There are a number of configuration settings associated with IBM SPSS Modeler Server that control its behavior. The default settings aim to ensure that stream execution will complete successfully even if the host machine is being used by a number of other applications i.e. Modeler Server is trying to be a â€śgood citizenâ€ť. However, if Modeler Server is the primary application on the host, then tweaking these settings can reduce the execution times of some streams significantly.
One of these settings is
cache_compression setting is used to control whether data that gets spilled to disk is compressed before being written to temporary cache files. Spilling to disk might happen for example, if Modeler Server is sorting the data and can’t fit the all data within main memory (e.g. because the threshold indicated by memory_usage has been exceeded).
cache_compression is enabled as this minimises the temporary disk space required by a particular stream to execute meaning more streams can execute in parallel or other applications can continue to work. If the host has a large amount of disk which Modeler Server can use then disabling
cache_compression can allow some streams to execute 2-3 times faster. It may also reduce CPU usage significantly which can be important in metered environments.
The actual increase is dependent on a number of factors:
- number and size of the temporary caches created during stream execution – if most of the execution can be done using main memory then changing
cache_compressionis unlikely to have any effect
- speed of the disks – if the disks are slow then savings made in the processing time by not compressing and decompressing the data may be overtaken by the overhead of writing and reading the larger caches
- how much data processing is done by the stream – this affects how much of the execution time is spent doing compression and decompression and therefore what proportion of the execution time is being saved
Another consideration is the disk space available for caching. If disk space is tight then disabling
cache_compression may mean the stream is unable to run which is no use to anyone since a slow answer is better than no answer.
Assuming there is enough disk space then how do you change the settings?
One approach is to use the IBM SPSS Modeler Administration Console.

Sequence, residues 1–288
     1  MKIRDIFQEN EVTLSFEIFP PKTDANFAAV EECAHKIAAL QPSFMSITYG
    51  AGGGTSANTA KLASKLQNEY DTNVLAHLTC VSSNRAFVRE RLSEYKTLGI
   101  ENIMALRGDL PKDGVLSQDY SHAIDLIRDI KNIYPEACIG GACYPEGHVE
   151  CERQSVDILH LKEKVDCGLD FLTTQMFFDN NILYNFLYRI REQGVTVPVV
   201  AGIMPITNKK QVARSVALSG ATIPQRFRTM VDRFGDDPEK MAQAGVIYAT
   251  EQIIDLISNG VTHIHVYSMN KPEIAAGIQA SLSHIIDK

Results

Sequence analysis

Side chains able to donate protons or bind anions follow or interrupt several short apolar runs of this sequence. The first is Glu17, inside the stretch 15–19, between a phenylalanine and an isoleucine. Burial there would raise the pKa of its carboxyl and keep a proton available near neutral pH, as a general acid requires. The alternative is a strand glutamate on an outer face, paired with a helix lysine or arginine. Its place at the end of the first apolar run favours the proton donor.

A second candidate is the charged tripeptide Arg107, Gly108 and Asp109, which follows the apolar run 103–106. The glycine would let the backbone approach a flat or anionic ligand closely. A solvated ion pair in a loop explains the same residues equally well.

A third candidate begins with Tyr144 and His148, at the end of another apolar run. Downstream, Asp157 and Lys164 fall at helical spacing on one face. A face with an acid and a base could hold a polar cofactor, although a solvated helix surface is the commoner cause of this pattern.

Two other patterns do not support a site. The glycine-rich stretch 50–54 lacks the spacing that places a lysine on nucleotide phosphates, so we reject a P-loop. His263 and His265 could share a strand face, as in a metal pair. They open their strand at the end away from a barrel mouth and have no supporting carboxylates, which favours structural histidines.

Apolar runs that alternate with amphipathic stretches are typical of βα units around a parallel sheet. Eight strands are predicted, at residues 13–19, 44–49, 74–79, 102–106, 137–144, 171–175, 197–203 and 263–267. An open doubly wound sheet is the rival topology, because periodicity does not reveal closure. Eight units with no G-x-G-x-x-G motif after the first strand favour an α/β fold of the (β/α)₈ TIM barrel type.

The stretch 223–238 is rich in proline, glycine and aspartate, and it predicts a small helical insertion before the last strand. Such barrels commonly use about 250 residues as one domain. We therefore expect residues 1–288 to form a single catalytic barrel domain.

Alternatively you could directly edit the options.cfg file under /config folder in a text editor (be sure to take a copy of it first in case anything goes wrong). If you use the text editor approach, then open the options.cfg file, find the line:
and change it to:
which will disable cache compression. Once you have updated and saved the options.cfg file, you may need to restart your Modeller Server service for the changes to take effect.
Note that you can also change the options.cfg file on your Modeler client installation. However, this will only affect the
cache_compression setting when you are running in local or desktop mode – remote Modeler Servers will need to be configured separately.
To test the possible effect, I ran a simple â€śmicro-benchmarkâ€ť stream. The customer_dbase.sav data set (132 fields, 5000 records) from the /Demos folder was duplicated using a balance node to 100 times the original number of rows and written to a new SAV file. This new file was then read, sorted and written to a table output. The stream was run 3 times for each compression setting, and the elapsed time and CPU times from the stream messages were noted.
Compression Enabled (cache_compression, 1):
|Elapsed (secs)||CPU (secs)|
Compression Disabled (cache_compression, 0):
|Elapsed (secs)||CPU (secs)|
(Note that the CPU time was greater than the elapsed time in some cases because multiple CPU cores were being used for some operations.)
This was run on my laptop which has a relatively slow standard laptop drive (5400 RPM). Even so, the savings in both elapsed and CPU time were significant – execution time was more than halved and CPU usage was less than a third when cache compression was disabled. I also ran this in a virtualised environment (different CPU and disk configuration) and saw similar savings.
However, the micro-benchmark stream almost certainly represents a best case scenario. Primarily this is because the processing done by the stream is minimal (sorting is a relatively simple operation) which means that the cache file compression and decompression is the dominant factor in the stream execution. If a stream is doing more data processing and/or model building, the savings are likely to be reduced. Also it may not be possible to run some streams because the uncompressed caches end up consuming all the disk space.
Nonetheless, it is worth exploring whether disabling cache compression improves overall performance in your environment.